This is the date after which the medicine is no longer fit for
use. Do not use the medicine after this date but return it to
your doctor or pharmacist.

WHAT SIDE EFFECTS CAN TENSIUM HAVE?
Children and the elderly are usually more sensitive to the
effects of Tensium and most of the side effects of this
medicine are more likely to occur in these patients.
Along with its needed effects, the medicine may cause some
unwanted effects, which may persist into the next day.
Common amongst these include drowsiness, sedation,
unsteadiness and difficulty with balance when walking. Loss
of memory may also occur.

This leaflet does not contain the complete information about
your medicine. If you have any questions or are not sure
about anything, ask your doctor or pharmacist who have
access to additional information.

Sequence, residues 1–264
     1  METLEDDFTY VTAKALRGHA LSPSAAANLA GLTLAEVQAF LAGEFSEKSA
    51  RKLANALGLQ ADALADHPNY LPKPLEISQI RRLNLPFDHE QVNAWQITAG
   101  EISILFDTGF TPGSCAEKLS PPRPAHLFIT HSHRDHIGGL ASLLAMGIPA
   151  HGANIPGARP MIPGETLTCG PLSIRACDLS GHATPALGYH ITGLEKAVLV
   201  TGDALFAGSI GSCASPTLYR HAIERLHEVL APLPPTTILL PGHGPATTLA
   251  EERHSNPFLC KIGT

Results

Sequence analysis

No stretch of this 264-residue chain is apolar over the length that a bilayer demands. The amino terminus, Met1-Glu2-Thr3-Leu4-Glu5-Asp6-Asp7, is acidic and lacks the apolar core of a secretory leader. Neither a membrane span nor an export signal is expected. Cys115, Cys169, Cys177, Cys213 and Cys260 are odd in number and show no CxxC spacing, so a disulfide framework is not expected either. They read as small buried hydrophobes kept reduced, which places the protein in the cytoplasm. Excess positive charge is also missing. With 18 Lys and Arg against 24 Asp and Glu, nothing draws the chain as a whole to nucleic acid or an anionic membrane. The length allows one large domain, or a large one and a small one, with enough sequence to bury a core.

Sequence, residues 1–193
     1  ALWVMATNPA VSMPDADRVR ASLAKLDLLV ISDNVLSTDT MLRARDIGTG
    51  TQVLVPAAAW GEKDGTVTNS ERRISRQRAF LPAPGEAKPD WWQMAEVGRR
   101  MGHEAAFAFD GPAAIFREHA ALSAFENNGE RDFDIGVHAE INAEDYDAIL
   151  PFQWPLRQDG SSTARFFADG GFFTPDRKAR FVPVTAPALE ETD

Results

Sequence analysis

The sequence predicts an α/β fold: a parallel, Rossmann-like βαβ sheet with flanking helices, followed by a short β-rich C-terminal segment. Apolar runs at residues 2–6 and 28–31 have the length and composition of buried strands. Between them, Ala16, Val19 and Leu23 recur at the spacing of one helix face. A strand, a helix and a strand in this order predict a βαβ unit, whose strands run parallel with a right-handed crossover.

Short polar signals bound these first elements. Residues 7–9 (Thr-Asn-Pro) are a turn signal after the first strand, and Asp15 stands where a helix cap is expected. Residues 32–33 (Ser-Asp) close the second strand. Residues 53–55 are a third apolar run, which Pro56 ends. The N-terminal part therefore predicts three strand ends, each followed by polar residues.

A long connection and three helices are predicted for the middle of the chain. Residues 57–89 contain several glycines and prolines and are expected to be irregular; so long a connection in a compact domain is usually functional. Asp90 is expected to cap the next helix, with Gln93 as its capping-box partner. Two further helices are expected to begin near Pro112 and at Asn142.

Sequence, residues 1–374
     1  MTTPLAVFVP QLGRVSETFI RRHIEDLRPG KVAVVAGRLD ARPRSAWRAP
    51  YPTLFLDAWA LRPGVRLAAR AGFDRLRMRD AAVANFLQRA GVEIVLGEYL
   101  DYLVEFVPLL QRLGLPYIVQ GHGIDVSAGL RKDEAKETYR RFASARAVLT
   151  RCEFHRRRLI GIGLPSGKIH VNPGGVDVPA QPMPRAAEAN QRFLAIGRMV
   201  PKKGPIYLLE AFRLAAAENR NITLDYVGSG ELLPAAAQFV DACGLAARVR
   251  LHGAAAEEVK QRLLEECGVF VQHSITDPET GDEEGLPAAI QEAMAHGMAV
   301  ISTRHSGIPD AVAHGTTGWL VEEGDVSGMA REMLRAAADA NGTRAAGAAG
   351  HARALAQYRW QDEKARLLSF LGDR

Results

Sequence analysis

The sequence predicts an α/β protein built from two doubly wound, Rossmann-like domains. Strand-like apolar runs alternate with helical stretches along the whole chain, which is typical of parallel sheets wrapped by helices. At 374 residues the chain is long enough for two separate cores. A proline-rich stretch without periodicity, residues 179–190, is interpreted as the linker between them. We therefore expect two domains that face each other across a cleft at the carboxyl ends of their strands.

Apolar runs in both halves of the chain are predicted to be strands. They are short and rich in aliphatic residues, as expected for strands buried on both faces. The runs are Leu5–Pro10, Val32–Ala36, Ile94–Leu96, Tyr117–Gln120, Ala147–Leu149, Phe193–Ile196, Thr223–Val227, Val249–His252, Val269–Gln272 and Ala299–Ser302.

Other adverse effects are rare and include headache,
dizziness, lowering of blood pressure, stomach upsets, skin
rashes, visual disturbances, changes in sexual desire,
difficulty in urinating, jaundice (yellow discolouration of eyes
and skin), and anaemic conditions causing unusual bruising
or bleeding.
If any of the above effects become troublesome check with
your doctor as soon as possible.
These side effects will become more noticeable if you are
taking anti-epileptic drugs.
When taken for trouble in sleeping (insomnia) by the elderly
more daytime drowsiness may be experienced than in
younger adults. In elderly patients falls and related injuries
may be more likely to occur.
Rarely, aggressive outbursts of anger, excitement and